Blu-ray Audio Quality – Metro-Goldwyn-Mayer presents us ‘QUO VADIS’ with a 1.0 Dolby Digital Mono, that was rumoured to be presented in Dolby TrueHD, but sadly we have to experience just plain old original monaural audio is offered on this Blu-ray disc. Technically M-G-M has done a good job restoring and refurbishing this sonic relic, removing all age-related pops and crackles. A faint touch of hiss remains, but it's only noticeable during moments of extreme quiet, and even then you really have to listen closely to pick it up. Dialogue is always clear and easy to understand, but occasionally sounds a bit hollow, while effects such as the roars of lions and crackles of flames benefit from fine presence and realistic detail. Miklos Rozsa's majestic score, however, doesn't fare as well, and it's here that the source limitations become evident. The lows are more stable, they never elicit the warmth and robust fullness necessary for a film of this sort and they never really give us the warmth and robust fullness necessary for a film of this sort. Deficiencies are most evident during the overture and exit music, which has been rightly reinserted into the print for the first time in 56 years, as well as during moments of high drama, such as the burning of Rome. Still, for such a motion picture of 1951, ‘QUO VADIS’ sounds as good as it probably can expect, and better than most productions of that period.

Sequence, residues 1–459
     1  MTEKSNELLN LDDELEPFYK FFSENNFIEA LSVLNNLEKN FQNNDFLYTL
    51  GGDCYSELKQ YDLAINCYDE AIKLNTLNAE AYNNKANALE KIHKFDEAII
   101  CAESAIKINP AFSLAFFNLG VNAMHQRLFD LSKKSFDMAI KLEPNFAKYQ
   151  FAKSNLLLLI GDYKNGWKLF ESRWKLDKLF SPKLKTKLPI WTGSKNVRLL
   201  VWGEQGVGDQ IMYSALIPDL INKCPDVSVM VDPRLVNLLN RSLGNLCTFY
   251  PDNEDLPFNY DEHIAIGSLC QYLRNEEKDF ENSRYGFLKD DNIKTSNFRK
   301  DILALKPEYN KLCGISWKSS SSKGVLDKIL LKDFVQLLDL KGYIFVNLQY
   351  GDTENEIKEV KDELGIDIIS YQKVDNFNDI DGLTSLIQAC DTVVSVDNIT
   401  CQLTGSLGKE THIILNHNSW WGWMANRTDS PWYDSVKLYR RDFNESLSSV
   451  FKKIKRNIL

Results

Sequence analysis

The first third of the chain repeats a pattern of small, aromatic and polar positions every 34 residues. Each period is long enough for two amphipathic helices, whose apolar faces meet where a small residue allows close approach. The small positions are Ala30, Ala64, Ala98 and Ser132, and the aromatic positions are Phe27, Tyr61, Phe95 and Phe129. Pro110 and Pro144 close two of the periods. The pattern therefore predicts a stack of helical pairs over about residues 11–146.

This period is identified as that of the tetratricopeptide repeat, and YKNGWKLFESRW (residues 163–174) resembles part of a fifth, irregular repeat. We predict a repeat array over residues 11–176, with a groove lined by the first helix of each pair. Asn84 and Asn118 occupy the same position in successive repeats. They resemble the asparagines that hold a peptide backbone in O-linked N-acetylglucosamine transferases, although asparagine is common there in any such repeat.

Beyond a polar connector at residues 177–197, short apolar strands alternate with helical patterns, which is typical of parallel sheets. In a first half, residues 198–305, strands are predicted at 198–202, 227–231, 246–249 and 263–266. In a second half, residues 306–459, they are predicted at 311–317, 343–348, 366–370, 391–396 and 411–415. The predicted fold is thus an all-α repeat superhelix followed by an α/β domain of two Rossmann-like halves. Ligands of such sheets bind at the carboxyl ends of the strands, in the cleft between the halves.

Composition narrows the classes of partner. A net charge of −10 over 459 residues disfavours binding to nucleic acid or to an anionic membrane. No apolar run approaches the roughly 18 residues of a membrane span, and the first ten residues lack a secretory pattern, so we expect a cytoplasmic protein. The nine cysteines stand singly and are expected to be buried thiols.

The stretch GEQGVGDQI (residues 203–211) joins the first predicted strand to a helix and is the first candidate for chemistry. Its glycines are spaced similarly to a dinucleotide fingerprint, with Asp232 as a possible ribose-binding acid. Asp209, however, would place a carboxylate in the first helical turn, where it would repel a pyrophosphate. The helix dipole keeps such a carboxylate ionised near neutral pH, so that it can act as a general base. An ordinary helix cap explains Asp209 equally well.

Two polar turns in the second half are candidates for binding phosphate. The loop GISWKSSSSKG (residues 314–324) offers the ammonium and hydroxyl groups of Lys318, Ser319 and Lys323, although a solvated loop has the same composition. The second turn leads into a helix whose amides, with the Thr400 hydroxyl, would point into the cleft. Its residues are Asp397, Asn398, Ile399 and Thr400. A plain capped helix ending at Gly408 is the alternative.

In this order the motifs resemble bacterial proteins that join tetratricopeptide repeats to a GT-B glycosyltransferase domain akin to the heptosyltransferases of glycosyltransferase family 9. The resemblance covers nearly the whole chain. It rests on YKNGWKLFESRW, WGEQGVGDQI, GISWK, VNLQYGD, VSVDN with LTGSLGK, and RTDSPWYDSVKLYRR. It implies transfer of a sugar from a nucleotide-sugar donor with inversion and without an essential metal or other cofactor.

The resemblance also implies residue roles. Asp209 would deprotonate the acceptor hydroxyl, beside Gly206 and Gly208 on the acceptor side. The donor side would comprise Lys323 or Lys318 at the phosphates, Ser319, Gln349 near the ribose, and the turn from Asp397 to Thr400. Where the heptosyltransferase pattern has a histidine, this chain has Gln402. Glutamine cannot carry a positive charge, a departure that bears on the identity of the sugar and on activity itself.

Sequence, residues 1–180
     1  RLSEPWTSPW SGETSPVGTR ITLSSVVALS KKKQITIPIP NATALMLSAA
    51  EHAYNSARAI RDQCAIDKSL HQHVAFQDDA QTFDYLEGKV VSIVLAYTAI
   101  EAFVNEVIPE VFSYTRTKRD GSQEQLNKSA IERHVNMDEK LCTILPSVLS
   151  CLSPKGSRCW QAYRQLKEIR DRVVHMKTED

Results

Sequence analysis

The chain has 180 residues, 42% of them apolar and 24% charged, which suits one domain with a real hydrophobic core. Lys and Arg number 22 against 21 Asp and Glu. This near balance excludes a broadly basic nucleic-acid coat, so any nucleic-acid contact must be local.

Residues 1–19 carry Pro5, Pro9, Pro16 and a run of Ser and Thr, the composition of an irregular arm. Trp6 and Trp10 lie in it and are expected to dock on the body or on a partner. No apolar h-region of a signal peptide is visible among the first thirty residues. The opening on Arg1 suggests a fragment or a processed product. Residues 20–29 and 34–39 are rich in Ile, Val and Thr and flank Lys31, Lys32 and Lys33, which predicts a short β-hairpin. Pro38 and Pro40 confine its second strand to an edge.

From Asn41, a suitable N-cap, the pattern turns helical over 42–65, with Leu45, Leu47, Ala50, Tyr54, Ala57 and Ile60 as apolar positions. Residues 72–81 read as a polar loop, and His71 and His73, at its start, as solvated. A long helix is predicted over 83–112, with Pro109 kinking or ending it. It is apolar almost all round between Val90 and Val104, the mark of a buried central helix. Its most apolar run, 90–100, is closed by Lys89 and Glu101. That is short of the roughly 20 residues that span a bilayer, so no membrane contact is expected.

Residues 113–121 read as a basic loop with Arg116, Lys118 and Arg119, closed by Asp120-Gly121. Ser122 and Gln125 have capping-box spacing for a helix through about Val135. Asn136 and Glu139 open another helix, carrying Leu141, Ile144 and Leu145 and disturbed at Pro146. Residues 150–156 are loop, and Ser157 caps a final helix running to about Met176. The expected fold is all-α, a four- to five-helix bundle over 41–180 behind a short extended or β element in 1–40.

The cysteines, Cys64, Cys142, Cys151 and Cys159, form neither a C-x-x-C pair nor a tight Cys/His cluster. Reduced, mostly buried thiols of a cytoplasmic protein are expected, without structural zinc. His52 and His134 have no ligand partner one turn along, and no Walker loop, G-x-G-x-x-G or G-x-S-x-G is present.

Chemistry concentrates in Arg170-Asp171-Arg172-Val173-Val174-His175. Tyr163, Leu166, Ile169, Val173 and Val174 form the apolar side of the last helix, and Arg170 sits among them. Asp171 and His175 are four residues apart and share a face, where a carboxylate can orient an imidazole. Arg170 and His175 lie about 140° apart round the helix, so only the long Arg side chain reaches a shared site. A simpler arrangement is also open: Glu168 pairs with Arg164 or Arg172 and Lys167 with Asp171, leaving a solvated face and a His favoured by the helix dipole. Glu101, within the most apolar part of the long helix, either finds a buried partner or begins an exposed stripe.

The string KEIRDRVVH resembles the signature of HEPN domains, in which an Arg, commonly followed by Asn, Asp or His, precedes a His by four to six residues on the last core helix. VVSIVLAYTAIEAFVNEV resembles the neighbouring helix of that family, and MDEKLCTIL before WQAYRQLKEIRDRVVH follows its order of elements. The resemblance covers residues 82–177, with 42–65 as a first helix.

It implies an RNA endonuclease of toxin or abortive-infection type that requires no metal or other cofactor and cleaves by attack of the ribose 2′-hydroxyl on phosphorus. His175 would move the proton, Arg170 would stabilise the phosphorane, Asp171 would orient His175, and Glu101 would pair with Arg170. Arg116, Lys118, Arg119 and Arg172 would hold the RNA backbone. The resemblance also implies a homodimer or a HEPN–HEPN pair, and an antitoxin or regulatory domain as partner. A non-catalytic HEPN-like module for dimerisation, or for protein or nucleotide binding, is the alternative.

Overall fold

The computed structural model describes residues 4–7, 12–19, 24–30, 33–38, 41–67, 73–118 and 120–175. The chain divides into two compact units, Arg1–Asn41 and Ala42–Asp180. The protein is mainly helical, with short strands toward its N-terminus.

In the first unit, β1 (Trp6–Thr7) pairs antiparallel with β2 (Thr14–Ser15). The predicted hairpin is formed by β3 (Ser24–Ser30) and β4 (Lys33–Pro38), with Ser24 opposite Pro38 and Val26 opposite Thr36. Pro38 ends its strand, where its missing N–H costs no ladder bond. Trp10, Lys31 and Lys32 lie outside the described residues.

Blu-ray Special Features and Extras: